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Progressives Must Stop Ignoring Certain Conservative Beliefs About Holiness

There is a reason for the obvious lack of any medical equipment in this clinic of Mother Teresa’s and it’s not lack of donations.

Sometimes I come across articles that leave me pondering for quite awhile. This happened to me the other day when I came across an article written by Susan Shields for the website “Council for Secular Humanism”. Ms. Shields an ex member of Mother Teresa’s Sister’s of Charity. I’m going to quote the part that caused me a certain amount of mental angst:

Three of Mother Teresa’s teachings that are fundamental to her religious congregation are all the more dangerous because they are believed so sincerely by her sisters. Most basic is the belief that if a sister obeys she is doing God’s will. Another is the belief that the sisters have leverage over God by choosing to suffer. Their suffering makes God very happy. He then dispenses more graces to humanity. The third is the belief that any attachment to human beings, even the poor being served, supposedly interferes with love of God and must be vigilantly avoided or immediately uprooted. The efforts to prevent any attachments cause continual chaos and confusion, movement and change in the congregation. Mother Teresa did not invent these beliefs – they were prevalent in religious congregations before Vatican II – but she did everything in her power (which was great) to enforce them.

Once a sister has accepted these fallacies she will do almost anything. She can allow her health to be destroyed, neglect those she vowed to serve, and switch off her feelings and independent thought. She can turn a blind eye to suffering, inform on her fellow sisters, tell lies with ease, and ignore public laws and regulations. (These behaviors are endemic to every single one of the right wing traditional apostolates approved of and singled out for praise by the Vatican in the last forty years.)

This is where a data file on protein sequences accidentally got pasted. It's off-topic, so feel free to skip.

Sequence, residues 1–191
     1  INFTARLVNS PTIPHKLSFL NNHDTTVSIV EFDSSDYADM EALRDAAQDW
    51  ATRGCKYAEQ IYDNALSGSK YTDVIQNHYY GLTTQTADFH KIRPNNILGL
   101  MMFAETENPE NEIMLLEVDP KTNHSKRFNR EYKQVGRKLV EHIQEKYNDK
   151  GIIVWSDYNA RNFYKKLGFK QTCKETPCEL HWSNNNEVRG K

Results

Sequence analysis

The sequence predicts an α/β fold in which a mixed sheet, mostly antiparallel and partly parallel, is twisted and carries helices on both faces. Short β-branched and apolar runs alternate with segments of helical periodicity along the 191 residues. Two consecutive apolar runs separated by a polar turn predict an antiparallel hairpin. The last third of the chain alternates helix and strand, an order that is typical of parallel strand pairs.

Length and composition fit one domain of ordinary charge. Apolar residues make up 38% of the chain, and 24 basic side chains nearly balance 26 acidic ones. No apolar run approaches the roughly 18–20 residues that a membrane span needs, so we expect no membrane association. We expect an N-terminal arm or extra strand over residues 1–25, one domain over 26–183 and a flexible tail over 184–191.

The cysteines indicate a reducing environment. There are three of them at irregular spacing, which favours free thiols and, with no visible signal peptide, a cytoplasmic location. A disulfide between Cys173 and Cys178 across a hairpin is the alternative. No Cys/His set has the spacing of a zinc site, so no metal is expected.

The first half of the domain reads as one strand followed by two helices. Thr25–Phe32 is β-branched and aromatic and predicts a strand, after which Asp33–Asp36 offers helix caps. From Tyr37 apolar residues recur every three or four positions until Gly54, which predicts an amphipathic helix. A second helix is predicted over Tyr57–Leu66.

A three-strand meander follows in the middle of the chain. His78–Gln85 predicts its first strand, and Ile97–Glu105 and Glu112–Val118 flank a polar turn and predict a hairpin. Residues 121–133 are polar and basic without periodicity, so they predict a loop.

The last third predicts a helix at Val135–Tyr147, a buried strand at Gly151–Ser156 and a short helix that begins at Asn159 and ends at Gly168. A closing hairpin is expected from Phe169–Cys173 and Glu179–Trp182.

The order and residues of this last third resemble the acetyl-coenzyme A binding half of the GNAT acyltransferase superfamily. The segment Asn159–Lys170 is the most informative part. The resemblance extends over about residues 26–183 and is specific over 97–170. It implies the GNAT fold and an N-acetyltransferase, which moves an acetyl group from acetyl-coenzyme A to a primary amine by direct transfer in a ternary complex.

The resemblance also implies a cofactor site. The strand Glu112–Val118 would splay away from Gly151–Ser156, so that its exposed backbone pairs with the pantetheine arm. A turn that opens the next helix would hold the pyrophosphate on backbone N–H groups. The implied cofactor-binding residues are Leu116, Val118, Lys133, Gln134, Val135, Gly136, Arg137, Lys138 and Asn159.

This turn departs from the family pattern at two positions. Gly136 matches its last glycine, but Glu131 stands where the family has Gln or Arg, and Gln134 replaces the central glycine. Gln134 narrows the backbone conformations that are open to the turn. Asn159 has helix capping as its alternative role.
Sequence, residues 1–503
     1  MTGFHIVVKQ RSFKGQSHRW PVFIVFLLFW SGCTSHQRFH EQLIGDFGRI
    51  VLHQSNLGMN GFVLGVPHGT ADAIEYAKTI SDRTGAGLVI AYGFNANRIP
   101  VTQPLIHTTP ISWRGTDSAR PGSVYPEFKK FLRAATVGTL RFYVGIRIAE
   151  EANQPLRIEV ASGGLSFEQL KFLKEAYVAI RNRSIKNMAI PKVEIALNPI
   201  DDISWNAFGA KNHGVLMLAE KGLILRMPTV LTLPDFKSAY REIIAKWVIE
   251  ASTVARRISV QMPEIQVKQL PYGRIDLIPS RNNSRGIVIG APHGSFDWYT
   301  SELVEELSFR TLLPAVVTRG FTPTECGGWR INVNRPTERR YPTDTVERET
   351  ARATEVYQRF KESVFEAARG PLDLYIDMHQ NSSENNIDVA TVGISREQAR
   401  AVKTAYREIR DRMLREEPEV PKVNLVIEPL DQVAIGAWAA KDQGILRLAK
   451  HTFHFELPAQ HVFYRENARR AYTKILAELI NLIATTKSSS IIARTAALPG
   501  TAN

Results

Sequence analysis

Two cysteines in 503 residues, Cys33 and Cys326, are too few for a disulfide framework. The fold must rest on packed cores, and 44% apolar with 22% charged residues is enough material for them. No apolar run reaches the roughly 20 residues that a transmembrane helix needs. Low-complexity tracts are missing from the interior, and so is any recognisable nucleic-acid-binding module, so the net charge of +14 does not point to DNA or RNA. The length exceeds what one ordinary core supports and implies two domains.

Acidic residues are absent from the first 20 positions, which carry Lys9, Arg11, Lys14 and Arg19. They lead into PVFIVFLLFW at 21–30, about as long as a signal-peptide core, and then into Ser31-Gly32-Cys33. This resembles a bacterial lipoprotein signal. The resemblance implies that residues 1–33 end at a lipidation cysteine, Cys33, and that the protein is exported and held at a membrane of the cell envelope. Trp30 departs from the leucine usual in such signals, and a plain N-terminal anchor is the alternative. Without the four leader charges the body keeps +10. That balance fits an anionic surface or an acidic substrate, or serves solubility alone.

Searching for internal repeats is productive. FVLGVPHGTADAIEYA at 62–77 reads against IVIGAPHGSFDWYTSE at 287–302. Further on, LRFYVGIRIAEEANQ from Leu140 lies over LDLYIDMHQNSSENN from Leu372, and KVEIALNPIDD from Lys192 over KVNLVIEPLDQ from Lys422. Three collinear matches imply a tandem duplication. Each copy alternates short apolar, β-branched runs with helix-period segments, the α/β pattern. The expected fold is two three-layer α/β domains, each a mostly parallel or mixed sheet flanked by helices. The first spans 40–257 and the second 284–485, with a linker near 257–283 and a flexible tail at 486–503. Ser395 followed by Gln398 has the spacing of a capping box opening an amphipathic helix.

Women from many nations joined Mother Teresa in the expectation that they would help the poor and come closer to God themselves. When I left, there were more than 3,000 sisters in approximately 400 houses scattered throughout the world. Many of these sisters who trusted Mother Teresa to guide them have become broken people. In the face of overwhelming evidence, some of them have finally admitted that their trust has been betrayed, that God could not possibly be giving the orders they hear. It is difficult for them to decide to leave – their self-confidence has been destroyed, and they have no education beyond what they brought with them when they joined. I was one of the lucky ones who mustered enough courage to walk away……


Taken together these three beliefs describe a very sad definition of the path to holiness. They also describe logical extensions of the belief that man’s material existence has meaning only in terms of his soul and that since the fall of Adam and Eve, our bodies are condemned to suffering in order to appease God and purify our immortal souls from the filthy stains of material existence.

Take the first one for example:the belief that as long as a sister obeys she is doing God’s will.”